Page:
Ideas for Dead Space Came from the Game Design Team’s “Horror Competition”

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At one point in Issac Clark’s adventure on the USG Ishimura, a giant tentacle grabs him. As a player, you launch a desperate assault on the appendage as it slowly drags you down the hall. It’s a tense segment, especially considering that Dead Space is a 2008 game.

“One of the things we had with the team at Dead Space was to put on a horror competition,” said Glen Schofield, CEO of Striking Distance Studios. “Anyone could submit horror ideas and once a week or so we would go through them.”

Schofield’s Dead Space anecdote is part of a larger discussion about how creators find inspiration during the first day of GamesBeat Summit 2020. He explained how he came up with several ideas for his work on Call of Duty: Advanced Warfare and Dead Space. He showed a clip of the tentacles scene in Dead Space, which he recalled as a fan-favorite idea from the competition during the talk.

“Games are a combination of millions of creative decisions and thousands of ideas,” he said. “Teams have to come up with them all the time – and on time.”

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Schofield said he was almost always in brainstorming mode, seeking ideas by reading science papers and news, interviewing other creatives both in and out of the gaming industry and by organizing competitions between its teams of developers. These tactics are still possible while game designers are confined to their homes during the pandemic.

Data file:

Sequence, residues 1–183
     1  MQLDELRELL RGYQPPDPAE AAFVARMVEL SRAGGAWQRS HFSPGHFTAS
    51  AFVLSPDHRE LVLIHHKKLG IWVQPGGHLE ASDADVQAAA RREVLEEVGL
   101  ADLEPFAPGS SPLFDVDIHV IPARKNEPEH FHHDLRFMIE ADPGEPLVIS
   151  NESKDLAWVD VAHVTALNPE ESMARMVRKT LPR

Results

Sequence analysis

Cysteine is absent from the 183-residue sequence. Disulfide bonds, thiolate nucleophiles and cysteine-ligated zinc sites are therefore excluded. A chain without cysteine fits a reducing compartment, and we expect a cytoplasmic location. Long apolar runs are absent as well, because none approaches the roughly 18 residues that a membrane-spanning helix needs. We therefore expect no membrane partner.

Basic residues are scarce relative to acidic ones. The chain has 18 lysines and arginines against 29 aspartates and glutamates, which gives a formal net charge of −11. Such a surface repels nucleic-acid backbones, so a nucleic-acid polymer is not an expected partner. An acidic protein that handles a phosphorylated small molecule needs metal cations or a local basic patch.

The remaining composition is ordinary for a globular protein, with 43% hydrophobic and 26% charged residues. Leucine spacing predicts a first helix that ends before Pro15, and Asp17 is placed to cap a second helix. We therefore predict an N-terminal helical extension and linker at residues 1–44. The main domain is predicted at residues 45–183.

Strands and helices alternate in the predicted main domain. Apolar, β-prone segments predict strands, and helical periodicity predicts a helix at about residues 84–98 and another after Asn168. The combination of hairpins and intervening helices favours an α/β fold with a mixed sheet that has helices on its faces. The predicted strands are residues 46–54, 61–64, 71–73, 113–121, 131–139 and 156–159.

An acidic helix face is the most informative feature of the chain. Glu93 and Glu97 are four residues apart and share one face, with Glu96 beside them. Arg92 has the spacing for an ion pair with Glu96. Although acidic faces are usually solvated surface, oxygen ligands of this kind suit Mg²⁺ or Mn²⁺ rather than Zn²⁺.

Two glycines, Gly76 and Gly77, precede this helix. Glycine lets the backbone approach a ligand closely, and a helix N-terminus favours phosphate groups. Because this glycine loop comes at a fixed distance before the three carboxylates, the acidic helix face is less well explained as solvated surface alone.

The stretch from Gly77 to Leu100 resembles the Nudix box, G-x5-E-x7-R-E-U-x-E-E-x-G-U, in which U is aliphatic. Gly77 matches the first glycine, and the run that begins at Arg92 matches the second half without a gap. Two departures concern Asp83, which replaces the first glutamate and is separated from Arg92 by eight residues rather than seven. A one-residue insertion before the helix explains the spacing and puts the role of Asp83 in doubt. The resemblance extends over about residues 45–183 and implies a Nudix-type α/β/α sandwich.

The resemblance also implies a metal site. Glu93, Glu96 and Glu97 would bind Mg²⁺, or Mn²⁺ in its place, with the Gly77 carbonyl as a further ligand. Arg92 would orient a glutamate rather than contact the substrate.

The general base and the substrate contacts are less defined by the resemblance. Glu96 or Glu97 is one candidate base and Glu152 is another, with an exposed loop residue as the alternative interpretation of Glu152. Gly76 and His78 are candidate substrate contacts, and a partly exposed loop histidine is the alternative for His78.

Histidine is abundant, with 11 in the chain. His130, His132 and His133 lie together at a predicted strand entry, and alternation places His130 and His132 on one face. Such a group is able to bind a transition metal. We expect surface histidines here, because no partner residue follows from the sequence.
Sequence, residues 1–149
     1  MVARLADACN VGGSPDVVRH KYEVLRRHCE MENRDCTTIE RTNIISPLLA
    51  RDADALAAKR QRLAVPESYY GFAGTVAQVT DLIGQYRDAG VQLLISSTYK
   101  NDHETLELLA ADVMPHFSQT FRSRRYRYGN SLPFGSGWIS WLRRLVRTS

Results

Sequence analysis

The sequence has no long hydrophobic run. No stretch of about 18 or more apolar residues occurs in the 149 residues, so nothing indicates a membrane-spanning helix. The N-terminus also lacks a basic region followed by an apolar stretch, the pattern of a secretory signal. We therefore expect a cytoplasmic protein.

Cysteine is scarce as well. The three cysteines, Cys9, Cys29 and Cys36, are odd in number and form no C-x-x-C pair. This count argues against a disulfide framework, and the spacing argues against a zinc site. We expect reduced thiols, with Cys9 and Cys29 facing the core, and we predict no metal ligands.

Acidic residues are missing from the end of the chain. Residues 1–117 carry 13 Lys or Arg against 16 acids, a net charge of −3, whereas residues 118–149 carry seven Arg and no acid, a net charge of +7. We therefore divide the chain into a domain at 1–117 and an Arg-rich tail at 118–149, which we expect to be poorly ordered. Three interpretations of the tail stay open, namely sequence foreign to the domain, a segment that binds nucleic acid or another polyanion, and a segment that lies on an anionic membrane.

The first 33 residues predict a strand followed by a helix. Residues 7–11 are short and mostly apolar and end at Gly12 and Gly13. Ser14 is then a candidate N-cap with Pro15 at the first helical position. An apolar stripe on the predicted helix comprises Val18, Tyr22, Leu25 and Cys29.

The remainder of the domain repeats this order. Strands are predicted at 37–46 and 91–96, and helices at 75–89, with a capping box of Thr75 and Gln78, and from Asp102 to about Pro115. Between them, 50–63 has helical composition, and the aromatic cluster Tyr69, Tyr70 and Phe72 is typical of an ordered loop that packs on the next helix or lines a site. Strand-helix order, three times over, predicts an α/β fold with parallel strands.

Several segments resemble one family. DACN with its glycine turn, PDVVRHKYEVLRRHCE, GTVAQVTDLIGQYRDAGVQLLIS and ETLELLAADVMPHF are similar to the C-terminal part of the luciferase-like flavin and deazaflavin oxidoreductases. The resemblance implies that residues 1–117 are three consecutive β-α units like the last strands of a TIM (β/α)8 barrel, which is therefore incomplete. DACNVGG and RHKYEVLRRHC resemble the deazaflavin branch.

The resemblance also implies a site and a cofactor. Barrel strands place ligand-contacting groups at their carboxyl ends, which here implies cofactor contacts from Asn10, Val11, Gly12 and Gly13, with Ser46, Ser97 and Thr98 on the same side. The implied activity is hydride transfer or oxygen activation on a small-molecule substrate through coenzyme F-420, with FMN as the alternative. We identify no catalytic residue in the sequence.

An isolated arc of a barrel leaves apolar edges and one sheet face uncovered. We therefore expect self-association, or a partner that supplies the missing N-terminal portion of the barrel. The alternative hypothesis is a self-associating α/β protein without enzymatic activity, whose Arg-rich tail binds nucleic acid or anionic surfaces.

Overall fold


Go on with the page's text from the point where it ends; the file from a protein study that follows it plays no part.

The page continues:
He also mentioned other specific anecdotes, like how a road trip through Europe to visit several World War II sites helped shape Call of Duty: WWII and how a trip to the Jet Propulsion Laboratory in the NASA in Southern California to see its “walking tank” led to the design of a futuristic tank in Call of Duty: Advanced Warfare. He encouraged travel in order to seek inspiration, although this may not be possible in the foreseeable future.

Schofield also touched on the topic of brainstorming sessions and that studios should prepare for them by coming up with ideas ahead of time and encouraging everyone to bring something to the table. “Good ideas can come from anywhere, from anything, or from anyone,” he said. “You just want to make sure they come into your game.”

Striking Distance Studios is a new independent, wholly-owned subsidiary of PUBG, which began operations in a new office in Northern California in February. Schofield, who co-founded Sledgehammer Games, heads up the studio recently acquired by the battle royale giant. The company hopes to go “beyond battle royale” with its projects.

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